A dialogue is a way to get your message across to visitors. Sometimes there are multiple ways to get the same message across. For example: display a lightbox, or change content to display a banner, or use a toaster at the bottom of the page. You will want to use the message that most effectively communicates your message to visitors.
Enter dialogue optimization.
BlueConic will help you figure out the most effective way of reaching a goal that you define. Configure BlueConic to evaluate the scores for the variants of a dialogue and then take a specific action. For example, you can see whether displaying a lightbox consistently leads to more clicks than displaying a banner. If the lightbox leads to more clicks or conversions, for example, then you can tell the optimizer to automatically target website visitors with the more effective lightbox and stop showing the less effective banner.
Before you can start optimization, you will first need multiple variants for your dialogue. New variants can be created by clicking the [Add Variant] option under the existing variants under the Optimization tab of the dialogue menu. The normal dialogue is then converted into an optimizer dialogue.
Dialogues with multiple variants subtly change their navigation bar:
- Instead of the "What" tab, you now have a menu showing "Variant A" and the other variants. The menu allows you to quickly switch between variants.
- The menu bar now also show a "Add Variant" shortcut to quickly add a new variant.
This navigation bar change also implies an interesting tidbit: the "Who", "When", "Where" and "Why" settings are the same for the entire dialogue, regardless of the selected variant. So for example, if you configured a specific segment on the "Who" tab, that segment is being used by all variants. If you want to serve your alternative dialogue to a different segment of visitors ("Who" tab), this cannot be done by adding a variant; you will have to create a new dialogue to do this.
Configuring optimization settings
The first thing you notice on the Optimization tab is the table listing all existing variants:
The first row in this table is the Original, in analytics this is called the Control Group. This represents the original content that a visitor would see if none of the variants of the dialogue was shown. It allows you to test whether or not the dialogue is improving results over the original content. After all, why have a dialogue if it isn't effective?
You can add or remove columns to the table by clicking the cog icon on the top right of the table.
The following information is shown in the table:
Creating a new variant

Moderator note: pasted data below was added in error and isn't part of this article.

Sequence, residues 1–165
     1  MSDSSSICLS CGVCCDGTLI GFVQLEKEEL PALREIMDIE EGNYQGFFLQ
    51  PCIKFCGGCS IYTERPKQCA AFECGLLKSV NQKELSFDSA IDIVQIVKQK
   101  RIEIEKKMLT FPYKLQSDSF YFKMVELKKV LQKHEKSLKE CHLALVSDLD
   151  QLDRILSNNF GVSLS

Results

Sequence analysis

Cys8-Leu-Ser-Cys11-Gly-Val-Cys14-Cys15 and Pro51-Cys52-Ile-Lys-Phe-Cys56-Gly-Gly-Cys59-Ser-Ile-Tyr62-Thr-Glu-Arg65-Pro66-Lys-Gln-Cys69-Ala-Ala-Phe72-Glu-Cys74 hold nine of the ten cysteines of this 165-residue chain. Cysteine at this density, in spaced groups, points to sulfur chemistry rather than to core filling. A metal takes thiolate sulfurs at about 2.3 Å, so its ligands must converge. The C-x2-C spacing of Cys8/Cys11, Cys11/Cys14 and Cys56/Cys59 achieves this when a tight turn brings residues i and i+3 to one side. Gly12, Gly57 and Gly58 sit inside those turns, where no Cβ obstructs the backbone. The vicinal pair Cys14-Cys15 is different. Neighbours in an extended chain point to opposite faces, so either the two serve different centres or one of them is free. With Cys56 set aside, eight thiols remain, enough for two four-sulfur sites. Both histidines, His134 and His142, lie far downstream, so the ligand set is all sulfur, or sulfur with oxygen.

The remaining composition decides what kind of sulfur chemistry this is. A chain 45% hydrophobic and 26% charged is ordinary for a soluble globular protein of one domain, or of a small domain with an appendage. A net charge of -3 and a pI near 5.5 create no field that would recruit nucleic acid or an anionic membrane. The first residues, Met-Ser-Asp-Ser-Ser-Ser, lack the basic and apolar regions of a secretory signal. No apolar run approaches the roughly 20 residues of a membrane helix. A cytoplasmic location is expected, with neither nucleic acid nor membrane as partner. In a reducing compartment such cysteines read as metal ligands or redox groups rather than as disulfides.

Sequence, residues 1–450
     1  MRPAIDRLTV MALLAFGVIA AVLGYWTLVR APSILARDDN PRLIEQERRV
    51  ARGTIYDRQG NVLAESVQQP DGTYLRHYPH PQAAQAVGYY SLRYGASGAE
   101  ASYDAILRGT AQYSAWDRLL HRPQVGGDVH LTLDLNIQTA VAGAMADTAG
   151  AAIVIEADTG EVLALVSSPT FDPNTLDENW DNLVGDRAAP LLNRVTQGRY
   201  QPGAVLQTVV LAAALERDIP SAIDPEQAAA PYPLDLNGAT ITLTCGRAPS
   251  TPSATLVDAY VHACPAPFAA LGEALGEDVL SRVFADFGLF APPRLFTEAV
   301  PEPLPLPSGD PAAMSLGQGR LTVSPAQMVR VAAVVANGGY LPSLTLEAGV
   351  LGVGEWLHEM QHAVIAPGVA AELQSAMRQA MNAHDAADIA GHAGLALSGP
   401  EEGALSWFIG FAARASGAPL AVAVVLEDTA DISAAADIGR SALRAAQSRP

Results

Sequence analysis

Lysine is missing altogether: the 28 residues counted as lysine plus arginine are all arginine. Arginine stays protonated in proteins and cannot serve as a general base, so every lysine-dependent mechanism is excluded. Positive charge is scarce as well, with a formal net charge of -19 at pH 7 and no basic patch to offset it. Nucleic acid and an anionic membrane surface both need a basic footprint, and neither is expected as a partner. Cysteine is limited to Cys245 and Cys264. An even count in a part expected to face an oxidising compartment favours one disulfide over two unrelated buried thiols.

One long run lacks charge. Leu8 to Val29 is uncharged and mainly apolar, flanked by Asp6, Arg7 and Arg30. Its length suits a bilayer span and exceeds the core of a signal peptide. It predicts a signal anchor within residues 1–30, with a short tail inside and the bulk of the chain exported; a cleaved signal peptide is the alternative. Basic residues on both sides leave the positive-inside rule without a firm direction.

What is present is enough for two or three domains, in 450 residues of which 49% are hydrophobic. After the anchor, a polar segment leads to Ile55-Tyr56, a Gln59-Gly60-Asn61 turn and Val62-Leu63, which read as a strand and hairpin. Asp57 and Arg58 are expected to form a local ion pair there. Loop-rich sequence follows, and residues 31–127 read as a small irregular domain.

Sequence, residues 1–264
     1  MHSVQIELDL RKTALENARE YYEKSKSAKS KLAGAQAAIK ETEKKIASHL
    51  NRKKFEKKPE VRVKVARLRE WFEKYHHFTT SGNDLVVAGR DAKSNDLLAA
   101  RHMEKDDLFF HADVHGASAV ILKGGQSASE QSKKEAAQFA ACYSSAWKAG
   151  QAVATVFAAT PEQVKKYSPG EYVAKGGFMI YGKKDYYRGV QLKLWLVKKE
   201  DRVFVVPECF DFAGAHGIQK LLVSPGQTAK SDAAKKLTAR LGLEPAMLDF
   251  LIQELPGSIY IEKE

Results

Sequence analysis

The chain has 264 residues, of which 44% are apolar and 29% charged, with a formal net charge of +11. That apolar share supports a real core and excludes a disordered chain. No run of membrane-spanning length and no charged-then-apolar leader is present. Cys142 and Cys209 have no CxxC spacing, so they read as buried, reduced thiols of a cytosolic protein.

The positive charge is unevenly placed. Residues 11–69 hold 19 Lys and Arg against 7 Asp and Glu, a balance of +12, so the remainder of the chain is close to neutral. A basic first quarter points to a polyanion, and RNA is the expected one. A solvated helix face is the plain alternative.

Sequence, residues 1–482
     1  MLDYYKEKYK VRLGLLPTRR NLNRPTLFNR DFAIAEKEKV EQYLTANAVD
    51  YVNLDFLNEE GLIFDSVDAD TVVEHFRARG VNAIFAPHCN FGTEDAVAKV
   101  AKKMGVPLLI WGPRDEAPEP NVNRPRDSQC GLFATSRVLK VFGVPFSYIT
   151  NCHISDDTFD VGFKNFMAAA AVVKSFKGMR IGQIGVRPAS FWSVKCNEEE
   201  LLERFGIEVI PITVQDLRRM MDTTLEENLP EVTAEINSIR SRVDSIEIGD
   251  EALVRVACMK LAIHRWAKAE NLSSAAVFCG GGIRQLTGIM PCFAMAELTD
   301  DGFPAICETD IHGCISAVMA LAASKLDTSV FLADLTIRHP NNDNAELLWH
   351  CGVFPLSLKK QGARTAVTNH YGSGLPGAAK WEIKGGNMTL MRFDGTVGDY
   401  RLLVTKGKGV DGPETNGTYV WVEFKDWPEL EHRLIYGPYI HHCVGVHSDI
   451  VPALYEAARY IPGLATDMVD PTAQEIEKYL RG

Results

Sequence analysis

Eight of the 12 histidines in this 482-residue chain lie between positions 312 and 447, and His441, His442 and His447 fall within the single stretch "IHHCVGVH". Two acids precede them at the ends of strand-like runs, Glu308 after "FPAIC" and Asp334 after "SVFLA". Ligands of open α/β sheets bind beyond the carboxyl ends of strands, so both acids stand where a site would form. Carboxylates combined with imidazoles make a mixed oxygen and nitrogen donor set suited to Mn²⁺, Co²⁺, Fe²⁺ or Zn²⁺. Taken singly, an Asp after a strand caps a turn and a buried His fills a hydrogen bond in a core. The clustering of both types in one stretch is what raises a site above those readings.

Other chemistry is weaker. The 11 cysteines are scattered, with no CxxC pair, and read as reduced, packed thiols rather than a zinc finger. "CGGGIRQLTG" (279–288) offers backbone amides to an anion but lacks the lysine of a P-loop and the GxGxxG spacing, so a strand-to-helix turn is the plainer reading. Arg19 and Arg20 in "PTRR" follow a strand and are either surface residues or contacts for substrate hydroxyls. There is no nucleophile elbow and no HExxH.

To create a new variant from the "Variants" tab, click the [Add Variant] - button below the table.
Select the deciding factor in determining success of a variant from the menu:
These are the available goals:
|Clicks/Views Ratio||Top variant is based on the best ratio of views that lead to a click. More clicks per view means the variant is considered to be more successful.|
|Conversions/Views Ratio||Top variant is based on the best ratio of views that lead to a conversion. More conversions per view means the variant is considered to be more successful.|
|Conversions/Clicks Ratio||Top variant is based on the best ratio of clicks that lead to a conversion. More conversions per click means the variant is considered to be more successful.|
Select the strategy that will be used by BlueConic to pick the variant of the dialogue that a user will see when encountering the dialogue for the first time. On subsequent encounters the visitor will see the same variant as presented the first time.
The options are:
For more information about the available strategies and usage examples, see Optimization use cases.
Select the "Variants Strategy".
The Evaluate At setting makes it possible for you to determine how the variants are performing with respect to each other at a specific point. For example, this allows you to configure optimization to stop showing all variants except the one that performs the best or automatically serve up the variants that score higher more often than those that score lower. The options for the evaluation period are:
|Views||The "After Evaluation" action will be in force after the number of views specified. The number of views is counted against all variants in the optimizer. For example, if you have an optimizer with four variants (Variant A, Variant B, Variant C, and Variant D) and the number of views is 10, any combination of views between the four variants that adds up to 10 triggers the evaluation.|
|Clicks||The "After Evaluation" action will be in force after the number of clicks specified. The number of clicks is counted against all variants in the optimizer. For example, if you have an optimizer with three variants (Variant A, Variant B and Variant C) and the number of clicks is 5, any combination of clicks between the three variants that adds up to 5 triggers the evaluation.|